Since the early ‘70s, iconic songstress Stevie Nicks has been living and sharing her dreams through music that has touched a universal nerve over the years — even if you’re not a fan of Nicks or Fleetwood Mac, you’ve heard the mega hits like “Dreams,” “Landslide,” and “Stand Back” on the radio, on the jukebox, or over the P.A. at the grocery store.
As part of the Hamptons International Film Festival, Nicks shared her thoughts about her sweeping musical career and her latest solo album, entitled “In Your Dreams,” to a lively audience at the Bay Street Theatre in Sag Harbor on Sunday afternoon before the debut of a music documentary that chronicles the making of the album.
“The world used to give you more of a chance — they might not like everything on your album, but they might like some of it, so they’re going to listen to all of it,” she said during a Q&A session at the Bay Street.
Nicks and longtime musical soul mate, guitarist Lindsey Buckingham, took the love of album-based songwriting to new heights right out of the gate with “Buckingham Nicks,” an acoustic-driven songfest that is still available only in its original 1973 vinyl form — much to the chagrin of a few fans from Westhampton Beach who stood in line outside of the theater with that very album in hand Sunday morning.
“We hope they can get back together again and perform these songs,” said Lisa Pastor of Westhampton Beach, holding the “Buckingham Nicks” album for a photo opp. “We just love Stevie — you can just relate to her songs, everyone can.”
Nicks and Buckingham, Christine and John McVie and Mick Fleetwood got together, broke up, and got together again over the years, and through their own raw emotional experiences made one of the best — and best-selling — albums in 1977 called “Rumors,” and that album and those songs — “Dreams,” “Second Hand News,” “Go Your Own Way” — permeate the world of popular music to this very day.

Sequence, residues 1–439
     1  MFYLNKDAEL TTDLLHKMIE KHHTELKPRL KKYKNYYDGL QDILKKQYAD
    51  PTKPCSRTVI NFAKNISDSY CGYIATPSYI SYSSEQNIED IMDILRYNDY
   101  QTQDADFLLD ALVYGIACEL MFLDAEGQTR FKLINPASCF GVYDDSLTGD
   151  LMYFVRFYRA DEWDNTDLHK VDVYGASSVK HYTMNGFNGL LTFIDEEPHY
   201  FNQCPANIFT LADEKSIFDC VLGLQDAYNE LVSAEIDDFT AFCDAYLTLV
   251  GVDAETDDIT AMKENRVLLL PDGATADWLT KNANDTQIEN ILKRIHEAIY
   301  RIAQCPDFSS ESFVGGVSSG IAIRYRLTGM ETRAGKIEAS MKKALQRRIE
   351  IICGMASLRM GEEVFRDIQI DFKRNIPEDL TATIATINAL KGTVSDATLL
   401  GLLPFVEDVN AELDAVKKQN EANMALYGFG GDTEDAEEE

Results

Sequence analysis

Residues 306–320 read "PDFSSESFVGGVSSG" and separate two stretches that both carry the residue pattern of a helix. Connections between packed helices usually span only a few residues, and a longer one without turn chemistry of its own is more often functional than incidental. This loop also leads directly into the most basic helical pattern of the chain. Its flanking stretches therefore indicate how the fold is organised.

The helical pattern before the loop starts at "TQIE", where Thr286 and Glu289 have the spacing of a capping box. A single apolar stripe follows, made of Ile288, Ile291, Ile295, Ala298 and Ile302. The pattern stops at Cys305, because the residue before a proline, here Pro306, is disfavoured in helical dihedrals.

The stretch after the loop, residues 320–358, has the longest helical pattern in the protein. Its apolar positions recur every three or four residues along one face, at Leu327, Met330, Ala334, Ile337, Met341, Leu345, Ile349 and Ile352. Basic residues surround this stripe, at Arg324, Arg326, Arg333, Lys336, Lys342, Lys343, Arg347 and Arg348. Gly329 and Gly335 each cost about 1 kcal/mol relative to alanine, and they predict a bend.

Before taking the stage for the Q&A Sunday, the Stevie Nicks of then and now was featured in a teaser clip of “In Your Dreams,” explaining that she never took lessons or played by any rules creating songs — rules take away from the authenticity of the heart, she said.
But with the help of producers Dave Stewart of the Eurythmics and Glen Ballard, “In Your Dreams” does follow the rules Nicks laid out for herself with Buckingham long ago, with and without Fleetwood Mac — the concept of the album is everything. Released in May of last year, the solo album is the fifth to crack Billboard’s top ten for this down-to-earth songstress with lasting universal appeal.
“The old way, up until not that long ago, was the only way,” Nicks said during the Q&A. “And that meant, you know, you make a record, you sequence the songs so that even if someone doesn’t like the third song they’re probably going to listen to it anyway because it comes out of the second song and goes into the fourth song beautifully.
“And I wanted to make this new record at my house, because, as Fleetwood Mac did even as recently as 2003, you don’t have time limits as you would in a studio, and you are instantly more calm. You are able to really be yourself.”